On being Irish in Iowa on St. Patrick’s Day


By Tim Walch

St. Patrick’s Day is a great day to be Irish in Iowa! From Davenport to Sioux City, from Dubuque to Council Bluffs, untold numbers of Iowans will be celebrating their Irish heritage. They’ll be marching, orating and, of course, taking a nip or two in commemoration of their ancestry. “Slainte,” as the Irish would say.

But being Irish is more than the percentage on your DNA test. Being Irish in general, and being Irish in Iowa in particular, means that you have a knowledge of the sacrifice made by the tens of thousands of immigrants who took a chance on a future in the Hawkeye State. Unfortunately, most Irish Iowans know almost nothing about the pioneers and progressives who helped make our state what it is today.

That’s what I learned when I set out to write a book on the Irish of Iowa. If you ask the typical Iowan about the Sullivan Brothers, many will tell you about the sacrifice made by five sailors who gave their lives for their country. Ask those same Iowans about Kate Shelley, and a few will recall a brave young girl who saved hundreds of people from being injured or killed in a horrible train wreck.


But beyond those well-known figures, most Iowans know precious little about the Irish heritage of our state. So on this special day, let’s salute some of the lesser-known members of this special clan known as the Iowa Irish. Here is a selection of special people who continue to touch our lives to the present day:

• Consider some of the Irish women who established many of the schools, hospitals and asylums in our state. Tens of thousands of Iowa children were educated by Irish-born women such as Mary Frances Clarke and the Sisters of Charity of the Blessed Virgin Mary, the religious order she established in Dubuque in 1843. And many others were nursed back to health by Irish-born nuns at one of the many Mercy Hospitals across the state. The quality of that service is evident in their religious vows.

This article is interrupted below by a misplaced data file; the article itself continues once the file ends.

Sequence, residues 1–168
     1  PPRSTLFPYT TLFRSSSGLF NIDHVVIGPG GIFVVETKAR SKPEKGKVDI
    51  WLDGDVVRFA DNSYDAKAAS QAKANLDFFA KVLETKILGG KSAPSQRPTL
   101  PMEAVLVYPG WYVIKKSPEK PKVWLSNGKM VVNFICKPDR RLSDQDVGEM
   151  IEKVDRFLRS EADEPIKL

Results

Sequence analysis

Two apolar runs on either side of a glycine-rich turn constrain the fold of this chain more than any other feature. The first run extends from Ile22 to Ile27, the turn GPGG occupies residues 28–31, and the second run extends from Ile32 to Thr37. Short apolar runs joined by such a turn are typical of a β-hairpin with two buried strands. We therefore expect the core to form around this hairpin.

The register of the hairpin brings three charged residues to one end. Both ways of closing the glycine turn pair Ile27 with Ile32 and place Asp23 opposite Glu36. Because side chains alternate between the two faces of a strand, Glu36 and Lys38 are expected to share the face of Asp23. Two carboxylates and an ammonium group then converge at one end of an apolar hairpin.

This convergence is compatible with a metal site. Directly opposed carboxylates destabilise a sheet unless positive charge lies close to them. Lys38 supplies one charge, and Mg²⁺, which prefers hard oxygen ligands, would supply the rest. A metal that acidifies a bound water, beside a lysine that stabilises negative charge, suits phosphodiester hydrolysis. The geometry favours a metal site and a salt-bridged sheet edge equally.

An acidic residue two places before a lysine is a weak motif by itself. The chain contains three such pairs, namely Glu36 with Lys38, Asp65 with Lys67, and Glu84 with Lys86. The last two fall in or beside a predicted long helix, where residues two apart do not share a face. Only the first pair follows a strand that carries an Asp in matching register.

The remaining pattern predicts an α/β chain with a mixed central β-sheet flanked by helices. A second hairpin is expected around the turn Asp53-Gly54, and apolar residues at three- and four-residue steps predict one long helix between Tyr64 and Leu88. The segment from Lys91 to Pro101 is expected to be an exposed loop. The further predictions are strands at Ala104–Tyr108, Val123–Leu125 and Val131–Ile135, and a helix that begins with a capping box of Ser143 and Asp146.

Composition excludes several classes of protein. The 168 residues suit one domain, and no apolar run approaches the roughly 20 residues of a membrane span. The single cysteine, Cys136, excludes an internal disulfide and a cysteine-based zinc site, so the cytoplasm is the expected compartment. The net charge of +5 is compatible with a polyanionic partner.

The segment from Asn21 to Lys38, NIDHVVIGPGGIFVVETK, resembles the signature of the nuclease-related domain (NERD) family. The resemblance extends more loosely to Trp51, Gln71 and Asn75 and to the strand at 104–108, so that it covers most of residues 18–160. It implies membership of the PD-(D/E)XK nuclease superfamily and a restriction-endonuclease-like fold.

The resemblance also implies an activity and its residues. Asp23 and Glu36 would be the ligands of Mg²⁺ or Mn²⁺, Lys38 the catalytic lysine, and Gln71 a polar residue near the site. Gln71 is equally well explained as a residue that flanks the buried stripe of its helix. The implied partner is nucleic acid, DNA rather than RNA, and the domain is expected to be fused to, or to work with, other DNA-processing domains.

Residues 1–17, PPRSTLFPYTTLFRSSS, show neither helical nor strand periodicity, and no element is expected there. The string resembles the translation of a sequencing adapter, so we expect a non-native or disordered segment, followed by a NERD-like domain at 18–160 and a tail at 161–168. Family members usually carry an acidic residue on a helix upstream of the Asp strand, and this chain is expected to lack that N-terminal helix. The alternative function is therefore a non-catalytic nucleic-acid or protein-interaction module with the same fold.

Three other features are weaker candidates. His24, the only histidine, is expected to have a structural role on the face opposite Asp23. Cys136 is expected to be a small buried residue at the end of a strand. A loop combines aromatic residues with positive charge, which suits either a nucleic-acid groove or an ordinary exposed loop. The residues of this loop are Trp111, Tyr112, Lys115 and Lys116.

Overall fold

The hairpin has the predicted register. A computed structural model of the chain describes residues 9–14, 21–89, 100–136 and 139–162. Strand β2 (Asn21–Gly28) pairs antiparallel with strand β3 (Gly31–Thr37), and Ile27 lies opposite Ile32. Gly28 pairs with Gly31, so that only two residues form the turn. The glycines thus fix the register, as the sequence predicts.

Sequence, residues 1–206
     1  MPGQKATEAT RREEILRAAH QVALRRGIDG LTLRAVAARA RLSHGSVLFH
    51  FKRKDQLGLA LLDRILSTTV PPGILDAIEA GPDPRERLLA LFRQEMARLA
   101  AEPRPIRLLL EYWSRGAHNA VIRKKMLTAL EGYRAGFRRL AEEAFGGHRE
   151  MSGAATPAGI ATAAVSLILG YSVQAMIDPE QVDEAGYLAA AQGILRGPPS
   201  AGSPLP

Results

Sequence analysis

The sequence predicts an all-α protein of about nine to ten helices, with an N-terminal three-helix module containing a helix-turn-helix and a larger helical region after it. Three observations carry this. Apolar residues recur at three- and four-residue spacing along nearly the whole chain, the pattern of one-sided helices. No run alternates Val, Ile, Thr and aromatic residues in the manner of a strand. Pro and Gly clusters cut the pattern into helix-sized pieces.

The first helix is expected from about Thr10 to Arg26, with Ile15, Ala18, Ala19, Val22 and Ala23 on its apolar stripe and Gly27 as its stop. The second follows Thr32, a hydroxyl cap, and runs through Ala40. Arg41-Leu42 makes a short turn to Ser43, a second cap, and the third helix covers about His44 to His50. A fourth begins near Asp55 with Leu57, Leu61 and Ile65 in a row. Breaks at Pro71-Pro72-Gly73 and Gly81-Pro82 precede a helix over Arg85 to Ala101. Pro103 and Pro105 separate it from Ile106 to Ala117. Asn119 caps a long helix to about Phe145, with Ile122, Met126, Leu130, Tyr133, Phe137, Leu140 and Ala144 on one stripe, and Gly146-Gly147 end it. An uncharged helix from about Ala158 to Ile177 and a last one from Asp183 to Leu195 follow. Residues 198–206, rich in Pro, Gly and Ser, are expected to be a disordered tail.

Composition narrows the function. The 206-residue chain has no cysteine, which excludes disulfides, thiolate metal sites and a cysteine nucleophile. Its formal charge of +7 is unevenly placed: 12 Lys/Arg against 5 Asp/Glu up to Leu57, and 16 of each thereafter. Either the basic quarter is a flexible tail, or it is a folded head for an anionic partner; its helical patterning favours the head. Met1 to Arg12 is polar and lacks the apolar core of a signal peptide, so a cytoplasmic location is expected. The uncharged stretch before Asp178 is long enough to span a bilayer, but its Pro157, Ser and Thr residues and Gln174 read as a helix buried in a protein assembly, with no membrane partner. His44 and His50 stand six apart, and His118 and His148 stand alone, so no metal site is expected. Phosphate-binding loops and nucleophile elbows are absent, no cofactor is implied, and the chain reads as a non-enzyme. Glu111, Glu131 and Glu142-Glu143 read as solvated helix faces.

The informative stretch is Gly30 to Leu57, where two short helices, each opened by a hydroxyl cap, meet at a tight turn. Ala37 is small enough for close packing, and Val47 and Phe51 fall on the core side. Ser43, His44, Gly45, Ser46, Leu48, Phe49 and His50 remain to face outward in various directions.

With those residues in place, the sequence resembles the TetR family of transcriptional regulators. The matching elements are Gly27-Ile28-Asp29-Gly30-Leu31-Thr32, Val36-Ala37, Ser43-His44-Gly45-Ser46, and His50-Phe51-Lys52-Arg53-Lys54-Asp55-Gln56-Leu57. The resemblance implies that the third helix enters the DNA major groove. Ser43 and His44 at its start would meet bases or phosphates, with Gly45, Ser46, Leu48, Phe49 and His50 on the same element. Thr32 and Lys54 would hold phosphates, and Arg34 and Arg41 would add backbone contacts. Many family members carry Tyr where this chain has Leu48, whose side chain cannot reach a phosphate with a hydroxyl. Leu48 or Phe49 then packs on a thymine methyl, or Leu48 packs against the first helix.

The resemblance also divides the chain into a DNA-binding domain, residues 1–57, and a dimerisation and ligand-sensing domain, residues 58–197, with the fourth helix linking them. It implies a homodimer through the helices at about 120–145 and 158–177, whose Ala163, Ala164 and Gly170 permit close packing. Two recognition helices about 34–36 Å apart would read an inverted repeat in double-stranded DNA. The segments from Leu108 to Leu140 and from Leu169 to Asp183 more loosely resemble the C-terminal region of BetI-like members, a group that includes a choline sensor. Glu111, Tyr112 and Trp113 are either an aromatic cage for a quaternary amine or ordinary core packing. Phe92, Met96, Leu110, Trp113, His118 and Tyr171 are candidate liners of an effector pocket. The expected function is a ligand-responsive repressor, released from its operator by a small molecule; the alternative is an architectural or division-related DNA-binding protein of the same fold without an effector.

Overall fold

• How about the thousands of Irishmen who cut timbers and laid the steel for the many miles of railroads that crossed the state in the 19th century? The work was so daunting that working on the rails was referred to as “hell on wheels.”

• Another group of forgotten Irishmen are the journalists who championed free speech. At some risk to his own life, Denis Mahony of Dubuque was a vocal critic of the prosecution of the Civil War. Another journalist of note was Fred Sharon of The Catholic Messenger who exposed the British indifference to poverty and injustice in Ireland. Both men used their newspapers to advocate social change.

• Independence for Ireland was a passion and a preoccupation for the Irish in Iowa. Led by John Brennan of Sioux City and Michael V. Gannon of Davenport, organizations such as the Ancient Order of Hibernians raised tens of thousands of dollars in the aid of their native land. Their commitment to the cause was rewarded by visits from Irish patriots such as Michael Davitt and Charles Stewart Parnell, for whom the town of Parnell is named.

• And let’s not forget the good people of communities such as Garryowen, Melrose and Emmetsburg who have remained faithful to their ancestors’ commitment to faith and fatherland. For these communities, being Irish is a lot more than quaffing a pint or two on a cold day in March.

• Finally, I want to salute the Iowans of all ethnicities who take pride in their Irish roots and help to sustain two wonderful cultural events each August. Take a moment and check out what is being offered at the annual Irish Hooley in Dubuque (www.irishhooley.org) and the Iowa Irish Fest in Waterloo (www.iowairishfest.com) if you are interested in the best in Irish cultural education and entertainment.

Researching and writing “Irish Iowa” was a real moment of personal pride and satisfaction. To be sure, I was born Irish in Michigan, received an education at the University of Notre Dame and spent parts of my career in Illinois and Virginia, but it was my move to Iowa that gave this “immigrant” a sense of home.

(Timothy Walch is the author of “Irish Iowa,” published this month by the History Press and available in book stores and via the internet. He is a member of St. Thomas More Parish in Coralville and a member of the board of directors of The Catholic Messenger. He can be reached at Twalch47@gmail.com)

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